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Neuroscience. 1999;91(2):463-70.

Potentiation of excitotoxic injury by high concentrations of extracellular reduced glutathione.

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  • 1Division of Emergency Medicine, Thomas Jefferson University, Philadelphia, PA 19107, USA.

Abstract

Glutathione is present in the central nervous system in millimolar concentrations, and is a predominant intracellular antioxidant and detoxicant. In addition, glutathione is released into the extracellular space via a depolarization-enhanced process. Although the role of extracellular glutathione has not been precisely defined, a growing body of experimental evidence suggests that it has multifaceted electrophysiological effects. At low micromolar concentrations, glutathione depolarizes neurons by binding to its own receptors and modulates glutamatergic excitatory neurotransmission by displacing glutamate from its ionotropic receptors. At higher concentrations, reduced glutathione may increase N-methyl-D-aspartate receptor responses by interacting with its redox sites. In this study, the effect of extracellular glutathione on excitotoxic neuronal injury was quantitatively assessed in murine cortical cell cultures. Neuronal death due to 20-25 h exposure to 6-9 microM N-methyl-D-aspartate was not altered by 10-100 microM reduced glutathione but was markedly enhanced by 300-1000 microM reduced glutathione; kainate neurotoxicity was unaffected. Two related compounds that lack a sulfhydryl group, oxidized glutathione and S-hexylglutathione, had no significant effect on N-methyl-D-aspartate neurotoxicity alone but completely blocked the effect of reduced glutathione. Mercaptoethanol, a sulfhydryl reducing agent that increases N-methyl-D-aspartate receptor responses by interacting with redox sites, increased N-methyl-D-aspartate neurotoxicity to a degree comparable to that of reduced glutathione; this effect was also blocked by equimolar S-hexylglutathione or oxidized glutathione. Addition of reduced glutathione to mercaptoethanol did not further increase N- methyl-D-aspartate-induced neuronal death. These results suggest that release of reduced glutathione from central nervous system cells that are subjected to traumatic or ischemic insults may enhance excitotoxic neuronal loss. Although multiple mechanisms may account for this phenomenon, the high concentrations required suggest that it is at least partly mediated by reduction of N-methyl-D-aspartate receptor redox sites.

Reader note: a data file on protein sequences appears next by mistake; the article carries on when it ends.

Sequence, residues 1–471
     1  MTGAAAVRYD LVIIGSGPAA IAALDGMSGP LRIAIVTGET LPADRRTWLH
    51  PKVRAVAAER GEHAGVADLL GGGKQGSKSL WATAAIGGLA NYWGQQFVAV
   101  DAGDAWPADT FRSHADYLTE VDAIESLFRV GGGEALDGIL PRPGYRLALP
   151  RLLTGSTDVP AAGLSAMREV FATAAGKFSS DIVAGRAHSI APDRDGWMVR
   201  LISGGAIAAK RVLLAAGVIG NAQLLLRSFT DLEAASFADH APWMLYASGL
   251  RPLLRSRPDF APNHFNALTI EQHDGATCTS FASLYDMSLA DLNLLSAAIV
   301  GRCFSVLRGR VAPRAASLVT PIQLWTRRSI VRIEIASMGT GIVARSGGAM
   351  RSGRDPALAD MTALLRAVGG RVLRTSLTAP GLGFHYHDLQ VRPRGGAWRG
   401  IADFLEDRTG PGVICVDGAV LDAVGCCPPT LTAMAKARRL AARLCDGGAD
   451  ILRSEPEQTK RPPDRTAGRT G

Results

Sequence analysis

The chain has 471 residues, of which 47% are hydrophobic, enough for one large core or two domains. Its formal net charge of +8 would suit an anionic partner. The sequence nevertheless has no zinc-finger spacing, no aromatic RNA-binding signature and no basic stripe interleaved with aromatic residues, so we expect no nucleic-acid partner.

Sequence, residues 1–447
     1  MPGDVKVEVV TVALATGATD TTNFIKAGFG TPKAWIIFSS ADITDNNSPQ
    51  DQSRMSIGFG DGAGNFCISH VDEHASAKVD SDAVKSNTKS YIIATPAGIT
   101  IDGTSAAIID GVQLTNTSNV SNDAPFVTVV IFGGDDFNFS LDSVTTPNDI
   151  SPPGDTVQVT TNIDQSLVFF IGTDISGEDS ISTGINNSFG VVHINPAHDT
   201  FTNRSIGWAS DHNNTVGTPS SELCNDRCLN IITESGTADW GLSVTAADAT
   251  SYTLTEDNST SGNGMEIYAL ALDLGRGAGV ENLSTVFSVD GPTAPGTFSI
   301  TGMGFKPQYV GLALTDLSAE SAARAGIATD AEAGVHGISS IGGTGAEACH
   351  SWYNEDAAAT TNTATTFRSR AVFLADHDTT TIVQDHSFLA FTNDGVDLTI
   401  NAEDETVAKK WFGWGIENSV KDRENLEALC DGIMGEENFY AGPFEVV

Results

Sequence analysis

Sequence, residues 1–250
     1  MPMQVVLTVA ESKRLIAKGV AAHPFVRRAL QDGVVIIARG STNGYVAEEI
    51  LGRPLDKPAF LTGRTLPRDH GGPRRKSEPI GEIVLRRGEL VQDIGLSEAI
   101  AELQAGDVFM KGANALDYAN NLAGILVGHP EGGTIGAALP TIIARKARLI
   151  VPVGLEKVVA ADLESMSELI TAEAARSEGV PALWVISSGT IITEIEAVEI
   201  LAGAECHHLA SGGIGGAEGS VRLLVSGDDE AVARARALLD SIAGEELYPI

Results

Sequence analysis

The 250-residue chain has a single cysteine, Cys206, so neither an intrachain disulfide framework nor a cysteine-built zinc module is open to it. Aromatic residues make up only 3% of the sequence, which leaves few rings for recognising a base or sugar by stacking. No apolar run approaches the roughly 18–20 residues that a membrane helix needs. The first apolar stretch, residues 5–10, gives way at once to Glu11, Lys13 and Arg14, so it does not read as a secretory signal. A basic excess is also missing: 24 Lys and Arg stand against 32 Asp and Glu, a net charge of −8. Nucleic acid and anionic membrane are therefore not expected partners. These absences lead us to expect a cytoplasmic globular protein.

PMID:
10366003
[PubMed - indexed for MEDLINE]
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